Jacksonville Mayor Curry expected to propose tax rate cut during budget presentation

Homeowners in Jacksonville could get a tax break in the coming year.

JACKSONVILLE, Fla. – Homeowners in Jacksonville could get a tax break in the coming year.

Mayor Lenny Curry will present his budget to the City Council on Thursday morning, and he sounds prepared to lower property taxes.

“For right now, it probably couldn’t come at a better time,” said Duval County Property Appraiser Jerry Holland.

Holland spoke about a lower property tax millage in the coming year’s budget. He said he has more than 40 years of experience in real estate.

Exploding property values have created an opportunity for the city to ease the tax rate. Holland said in some ways, it’s a win-win.

“Now, the city’s gonna still have an increase in the budget, probably 91%, you know, more than what they had the year before. So it’s really a savings to the taxpayer, but the city’s still going to come out of this with a lot more revenue,” Holland said.

Curry posted part of his budget plan on Twitter, saying:

“In addition to investments in public safety, infrastructure and economic development, the budget I will release this Thursday will include debt reduction & reserves against future challenges. At the same time, it also includes a reduction in our city’s property tax rate.”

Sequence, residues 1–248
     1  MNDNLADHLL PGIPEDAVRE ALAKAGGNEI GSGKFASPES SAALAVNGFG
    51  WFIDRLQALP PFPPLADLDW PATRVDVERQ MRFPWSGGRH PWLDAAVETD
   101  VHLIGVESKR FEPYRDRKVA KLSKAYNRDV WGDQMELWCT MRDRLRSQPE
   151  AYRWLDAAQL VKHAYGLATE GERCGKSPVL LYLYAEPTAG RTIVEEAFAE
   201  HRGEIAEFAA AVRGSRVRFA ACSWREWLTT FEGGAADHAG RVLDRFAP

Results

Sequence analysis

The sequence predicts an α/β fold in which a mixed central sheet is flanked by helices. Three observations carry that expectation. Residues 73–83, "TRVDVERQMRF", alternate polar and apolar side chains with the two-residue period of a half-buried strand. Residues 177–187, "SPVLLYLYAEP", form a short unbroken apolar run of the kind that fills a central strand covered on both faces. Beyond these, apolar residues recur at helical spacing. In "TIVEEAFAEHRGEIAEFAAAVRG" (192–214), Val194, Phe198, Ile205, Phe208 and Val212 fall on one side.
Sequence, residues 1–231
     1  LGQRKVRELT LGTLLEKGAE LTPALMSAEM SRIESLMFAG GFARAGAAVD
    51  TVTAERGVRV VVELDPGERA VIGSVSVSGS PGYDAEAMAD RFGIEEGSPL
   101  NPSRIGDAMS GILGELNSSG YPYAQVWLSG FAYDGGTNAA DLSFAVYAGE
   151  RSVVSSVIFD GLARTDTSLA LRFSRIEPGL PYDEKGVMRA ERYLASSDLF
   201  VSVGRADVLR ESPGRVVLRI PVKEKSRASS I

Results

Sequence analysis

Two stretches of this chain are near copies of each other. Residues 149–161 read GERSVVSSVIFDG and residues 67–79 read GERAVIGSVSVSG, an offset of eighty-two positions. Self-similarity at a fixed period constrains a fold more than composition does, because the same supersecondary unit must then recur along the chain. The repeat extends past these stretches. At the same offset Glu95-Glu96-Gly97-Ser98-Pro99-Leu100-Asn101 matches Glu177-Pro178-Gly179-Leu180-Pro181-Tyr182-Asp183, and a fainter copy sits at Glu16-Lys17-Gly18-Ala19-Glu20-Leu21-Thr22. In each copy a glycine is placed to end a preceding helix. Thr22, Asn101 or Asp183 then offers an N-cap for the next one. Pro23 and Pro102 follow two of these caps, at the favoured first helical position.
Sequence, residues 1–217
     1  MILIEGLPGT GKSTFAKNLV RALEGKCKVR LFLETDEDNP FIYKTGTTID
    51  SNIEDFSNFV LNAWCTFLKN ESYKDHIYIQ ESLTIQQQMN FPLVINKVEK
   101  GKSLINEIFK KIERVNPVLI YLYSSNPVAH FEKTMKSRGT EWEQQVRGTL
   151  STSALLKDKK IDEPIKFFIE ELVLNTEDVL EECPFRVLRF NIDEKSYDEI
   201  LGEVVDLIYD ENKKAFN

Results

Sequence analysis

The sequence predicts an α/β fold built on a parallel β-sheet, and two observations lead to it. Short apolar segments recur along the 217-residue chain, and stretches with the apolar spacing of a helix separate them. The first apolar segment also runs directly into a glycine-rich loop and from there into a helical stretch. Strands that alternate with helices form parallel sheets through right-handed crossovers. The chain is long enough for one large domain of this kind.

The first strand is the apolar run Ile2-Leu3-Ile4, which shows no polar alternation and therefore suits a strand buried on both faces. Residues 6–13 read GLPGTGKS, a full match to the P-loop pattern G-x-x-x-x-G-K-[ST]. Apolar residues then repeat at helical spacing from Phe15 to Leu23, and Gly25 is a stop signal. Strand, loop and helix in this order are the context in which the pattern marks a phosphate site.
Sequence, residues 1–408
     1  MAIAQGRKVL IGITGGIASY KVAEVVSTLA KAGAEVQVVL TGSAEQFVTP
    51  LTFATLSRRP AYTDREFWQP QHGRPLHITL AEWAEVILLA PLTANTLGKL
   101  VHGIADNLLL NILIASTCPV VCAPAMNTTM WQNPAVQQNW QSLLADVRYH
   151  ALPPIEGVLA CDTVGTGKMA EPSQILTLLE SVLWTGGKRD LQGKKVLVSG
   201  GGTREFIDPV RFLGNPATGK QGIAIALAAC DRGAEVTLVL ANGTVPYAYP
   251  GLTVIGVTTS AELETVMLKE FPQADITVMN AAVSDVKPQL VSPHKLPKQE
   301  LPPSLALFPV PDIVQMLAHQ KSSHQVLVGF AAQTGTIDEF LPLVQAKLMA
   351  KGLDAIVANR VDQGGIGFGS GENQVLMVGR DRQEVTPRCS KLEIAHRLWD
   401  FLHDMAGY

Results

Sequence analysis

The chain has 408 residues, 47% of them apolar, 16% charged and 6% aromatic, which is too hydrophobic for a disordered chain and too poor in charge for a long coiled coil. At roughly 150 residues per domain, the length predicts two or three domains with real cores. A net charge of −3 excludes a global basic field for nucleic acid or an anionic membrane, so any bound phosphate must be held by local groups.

Holland told us the taxable values for Jacksonville projects to be about $81 billion. It’s the largest increase he’s seen as property appraiser, year to year.

I asked him if a tax decrease presents a risk for the future since the rates of increasing value seem unsustainable.

“It will cost the city probably somewhere around $10 million, but mind you, the city is still probably going to have an increase of $85 to $90 million in their budget,” Holland said. “So from that standpoint, it’s a little bit of a savings. It’s definitely the right way to go. It’s not going to be too risky for the years coming in the future.”

Holland told me, Jacksonville residents are still going to pay more in taxes this year with property values going up. If the millage rate goes down a little, your taxes won’t go up as much.

About the Author:

Kent Justice co-anchors News4Jax's 5 p.m., 10 and 11 p.m. newscasts weeknights and reports on government and politics. He also hosts "This Week in Jacksonville," Channel 4's hot topics and politics public affairs show each Sunday morning at 9 a.m.